An intro to the study of Chinese civilization. We shall begin with the earliest human remains found in China & conclude in the present. The goal of this coure is not merely to tell the story of Chinese history, rich and compelling though the story is. Rather, our aim will be to explore what makes Chinese civilization specifically Chinese, & how the set of values, practices, & institutions we associate with Chinese society came to exist.

HIEA 2073 Japan to 1868: An Historical Introduction
3 credits, MoWe 2:00pm-2:50pm
Robert Stolz
This lecture class surveys the history of Japanese civilization from prehistory to the end of the nineteenth century. Through an assortment of historical, literary, religious and visual materials, it offers an introduction to the political, social, religious, intellectual, artistic, and cultural life of Japan in its various epochs.

HIEA 2101 Korea: Late Nineteenth through Early Twenty First Centuries

3 credits, Tu 3:30pm-6:00pm

Ronald Dimberg

We shall focus on social, cultural, political, economic, and intellectual developments on the Korean peninsula from the late 19th century into the second decade of the 21st century.  We shall trace those developments as they unfolded through the final decades of the Joseon (Choson) Period (i.e., the Yi Dynasty, 1392-1910); the period of Japanese colonial rule (1910-1945); liberation, division, and war (1945-1953); the similar then divergent routes followed in the north and the south in the aftermath of the armistice in 1953; relations between the Republic of Korea and the Democratic People’s Republic of Korea; and prospects for reunification.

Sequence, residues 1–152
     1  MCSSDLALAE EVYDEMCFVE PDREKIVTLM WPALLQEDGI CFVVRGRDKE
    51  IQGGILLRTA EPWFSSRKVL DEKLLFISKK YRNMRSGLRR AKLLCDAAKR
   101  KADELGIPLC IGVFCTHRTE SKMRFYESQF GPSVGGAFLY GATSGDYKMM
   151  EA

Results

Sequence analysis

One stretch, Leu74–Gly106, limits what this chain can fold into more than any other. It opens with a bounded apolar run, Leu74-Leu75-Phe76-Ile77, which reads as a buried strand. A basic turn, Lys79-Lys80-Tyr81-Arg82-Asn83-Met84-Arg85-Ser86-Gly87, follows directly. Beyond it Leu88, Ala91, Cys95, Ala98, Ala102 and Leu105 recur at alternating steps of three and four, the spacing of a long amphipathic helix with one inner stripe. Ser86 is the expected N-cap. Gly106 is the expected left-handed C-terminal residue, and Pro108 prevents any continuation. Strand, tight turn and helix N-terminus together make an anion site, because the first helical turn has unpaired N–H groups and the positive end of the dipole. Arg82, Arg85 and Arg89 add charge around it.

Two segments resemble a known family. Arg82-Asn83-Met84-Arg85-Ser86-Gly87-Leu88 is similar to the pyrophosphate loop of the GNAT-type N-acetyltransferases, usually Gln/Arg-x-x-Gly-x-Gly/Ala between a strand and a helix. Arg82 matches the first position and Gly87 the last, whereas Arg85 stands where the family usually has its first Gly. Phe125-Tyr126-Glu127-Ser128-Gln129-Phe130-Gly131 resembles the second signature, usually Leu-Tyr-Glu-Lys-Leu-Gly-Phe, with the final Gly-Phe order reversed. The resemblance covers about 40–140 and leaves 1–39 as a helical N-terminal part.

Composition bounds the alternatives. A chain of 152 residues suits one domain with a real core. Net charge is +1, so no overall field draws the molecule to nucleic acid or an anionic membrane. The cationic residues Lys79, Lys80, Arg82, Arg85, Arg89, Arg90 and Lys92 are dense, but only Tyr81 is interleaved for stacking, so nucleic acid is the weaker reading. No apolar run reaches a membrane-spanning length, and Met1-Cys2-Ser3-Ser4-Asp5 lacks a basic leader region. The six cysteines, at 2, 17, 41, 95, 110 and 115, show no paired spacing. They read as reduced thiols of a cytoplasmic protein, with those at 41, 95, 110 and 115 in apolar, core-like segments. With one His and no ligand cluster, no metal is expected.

HIEA 3112 Late Imperial China

3 credits, MoWeFr 10:00am-10:50am

Bradly Reed

Survey of the social, political, and cultural history of China from 10th to the early 20th centuries. Topics include the philosophic basis of state and society, the formation of social elites, the influence of nomadic peoples, and patterns of popular dissent and rebellion, among others

HIEA 3559 New Course in East Asian History: China and the United States
3 credits, TuTh2:00-3:15pm
Xiaoyuan Liu
This lecture class considers the historical contacts between China and the United States since the late 18th century, seeking to understand this intricate and profoundly important relationship by learning from insights at individual, communal,